In the following, we initiate a discussion about the regulatory and economic requirement attached to the sustainable management of mine water heat and shallow geothermal resources. This discussion aims to spur new research and engagement on the topic. We propose that systems like the geobattery could offer a platform to facilitate a regulatory and economic paradigm shift to manage and support the sustainable use of shallow geothermal energy resources. Because the net-energy savings between BHEs recharged or not recharged from the geobattery would be relatively minor from a user perspective and only worthwhile after 20–40 years, developing a business model centred on the added value to heat as a commodity is not feasible. One way to finance a geobattery could be operating it as a regulated service. An organisation could provide a management service to ensure the sustainability of the geothermal resource in exchange for a ‘sustainability fee’. This role would be similar to the role of current gas distribution network operators who ensure the provision of heat (as natural gas) to end-users through a network they own and manage. The sustainability fee could be recovered from the end user based on metered usage of the BHE, a model that has previously been used to pay feed-in tariffs on the UK’s renewable heat incentive scheme. Alternatively the fee could be pre-set based on the density of installed BHEs, or through the expansion of the concept of “Heat Network Zoning” to include shallow geothermal mine water geobattery systems. These zones provide guarantees to investors by making it compulsory for certain types of building to connect to heat networks within the zone (UK Government, 2021). Of course, these zones are regulated in a way that protects the consumer and by ensuring that, in the zone, district heat networks are the cheapest source of heat. Expanding the application of this concept in the United Kingdom would also align with current strategies, such as Ofgem becoming the regulator for these zones so that gas, electricity and heat are regulated by the same entity.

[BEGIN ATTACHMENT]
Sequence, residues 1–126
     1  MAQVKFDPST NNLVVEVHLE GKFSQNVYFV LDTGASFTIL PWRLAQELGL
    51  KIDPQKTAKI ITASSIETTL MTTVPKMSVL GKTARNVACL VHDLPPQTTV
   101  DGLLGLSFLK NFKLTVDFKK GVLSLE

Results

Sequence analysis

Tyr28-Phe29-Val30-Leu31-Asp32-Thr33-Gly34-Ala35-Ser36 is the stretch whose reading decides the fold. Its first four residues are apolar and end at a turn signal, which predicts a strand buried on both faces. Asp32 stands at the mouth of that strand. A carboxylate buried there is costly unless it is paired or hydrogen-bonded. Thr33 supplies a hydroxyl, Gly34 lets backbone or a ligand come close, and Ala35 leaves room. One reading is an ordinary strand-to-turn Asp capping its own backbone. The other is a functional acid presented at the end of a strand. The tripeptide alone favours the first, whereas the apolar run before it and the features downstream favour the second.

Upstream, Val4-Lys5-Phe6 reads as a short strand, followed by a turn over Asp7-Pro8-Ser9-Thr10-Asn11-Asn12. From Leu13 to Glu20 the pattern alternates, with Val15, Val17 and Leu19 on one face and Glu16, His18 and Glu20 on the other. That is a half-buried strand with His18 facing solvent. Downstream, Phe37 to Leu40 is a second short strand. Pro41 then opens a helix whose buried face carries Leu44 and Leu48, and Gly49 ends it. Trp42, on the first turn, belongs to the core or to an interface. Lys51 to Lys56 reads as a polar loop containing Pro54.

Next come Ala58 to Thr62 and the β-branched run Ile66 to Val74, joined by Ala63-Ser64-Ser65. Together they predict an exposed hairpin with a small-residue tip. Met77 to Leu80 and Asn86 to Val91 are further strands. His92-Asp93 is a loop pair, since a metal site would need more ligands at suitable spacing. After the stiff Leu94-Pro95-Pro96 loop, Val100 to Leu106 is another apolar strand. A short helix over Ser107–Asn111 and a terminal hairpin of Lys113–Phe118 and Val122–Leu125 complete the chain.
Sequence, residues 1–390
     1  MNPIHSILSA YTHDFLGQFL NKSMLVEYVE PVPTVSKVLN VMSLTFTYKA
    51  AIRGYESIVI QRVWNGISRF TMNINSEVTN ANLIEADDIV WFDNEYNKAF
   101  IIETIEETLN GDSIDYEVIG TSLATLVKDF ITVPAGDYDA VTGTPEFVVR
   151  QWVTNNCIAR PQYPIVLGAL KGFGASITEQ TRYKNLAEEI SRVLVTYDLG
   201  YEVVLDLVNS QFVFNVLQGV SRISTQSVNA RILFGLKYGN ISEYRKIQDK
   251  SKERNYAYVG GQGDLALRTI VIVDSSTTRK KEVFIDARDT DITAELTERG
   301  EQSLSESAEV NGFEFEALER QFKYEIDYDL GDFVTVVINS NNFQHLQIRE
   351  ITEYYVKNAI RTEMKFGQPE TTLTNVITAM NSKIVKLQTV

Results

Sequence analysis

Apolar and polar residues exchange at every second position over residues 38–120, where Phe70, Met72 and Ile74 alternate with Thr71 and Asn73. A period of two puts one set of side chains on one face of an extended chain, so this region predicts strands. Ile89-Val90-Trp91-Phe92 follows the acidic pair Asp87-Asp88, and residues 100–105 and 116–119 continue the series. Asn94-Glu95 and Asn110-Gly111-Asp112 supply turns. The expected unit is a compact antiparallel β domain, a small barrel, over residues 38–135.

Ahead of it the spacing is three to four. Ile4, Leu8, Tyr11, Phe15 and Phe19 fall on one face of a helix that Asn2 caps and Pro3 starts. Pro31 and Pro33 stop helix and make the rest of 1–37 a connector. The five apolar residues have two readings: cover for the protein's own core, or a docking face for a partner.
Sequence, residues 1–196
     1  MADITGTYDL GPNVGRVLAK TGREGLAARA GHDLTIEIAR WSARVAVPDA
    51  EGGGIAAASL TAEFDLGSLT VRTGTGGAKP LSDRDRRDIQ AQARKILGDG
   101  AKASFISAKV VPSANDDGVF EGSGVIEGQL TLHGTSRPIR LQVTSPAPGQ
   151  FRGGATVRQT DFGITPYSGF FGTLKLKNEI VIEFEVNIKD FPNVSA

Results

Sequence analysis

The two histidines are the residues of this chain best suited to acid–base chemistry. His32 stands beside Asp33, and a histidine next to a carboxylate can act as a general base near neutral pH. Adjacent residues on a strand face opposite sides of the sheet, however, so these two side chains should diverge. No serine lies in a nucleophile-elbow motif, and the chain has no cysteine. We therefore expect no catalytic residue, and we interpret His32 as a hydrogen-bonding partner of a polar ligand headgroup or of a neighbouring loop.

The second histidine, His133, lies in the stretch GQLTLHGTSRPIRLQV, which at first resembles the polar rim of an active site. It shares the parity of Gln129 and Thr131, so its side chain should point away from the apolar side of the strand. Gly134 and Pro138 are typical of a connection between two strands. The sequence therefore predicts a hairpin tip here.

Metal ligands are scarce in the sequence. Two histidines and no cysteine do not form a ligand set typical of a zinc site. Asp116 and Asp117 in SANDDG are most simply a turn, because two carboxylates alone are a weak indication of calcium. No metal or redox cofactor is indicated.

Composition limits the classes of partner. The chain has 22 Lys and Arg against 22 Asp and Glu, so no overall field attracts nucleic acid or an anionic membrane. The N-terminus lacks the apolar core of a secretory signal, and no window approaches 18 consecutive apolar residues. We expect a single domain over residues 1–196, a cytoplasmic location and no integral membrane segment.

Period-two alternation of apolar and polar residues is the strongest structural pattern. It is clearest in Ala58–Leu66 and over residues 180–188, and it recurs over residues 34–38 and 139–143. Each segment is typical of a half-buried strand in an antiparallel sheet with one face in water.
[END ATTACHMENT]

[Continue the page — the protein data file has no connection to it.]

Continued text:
The preceding discussion suggests that both a regulatory and a management body would be required to guarantee the provision of heat. These entities would therefore need to have expertise in subsurface management, mine water flow and heat transport in these systems, as well as the capability to monitor and forecast heat supply and demand in the area. In the United Kingdom, the Coal Authority own and have the liability for all abandoned coal mines but do not own the water or heat in the mine and their jurisdiction ends at the mine limit. Shallow geothermal resources (not in mines) therefore fall under the remit of the devolved environment agencies but BHEs do not extract or inject fluids in the subsurface and are unregulated. The organization that could run the regulated management service of a geobattery would therefore need a remit that encompasses some aspects of both the environmental protection agencies and the Coal Authority. This could be achieved by adjusting/expanding the remits of existing bodies or by the creation of a new geothermal resource authority/agency. As an example of such a scope change, Ofgem is currently expecting to be appointed as the heat networks regulator for setting and enforcing consumer protection rules across new and existing GB heat networks (OFGEM, 2021a).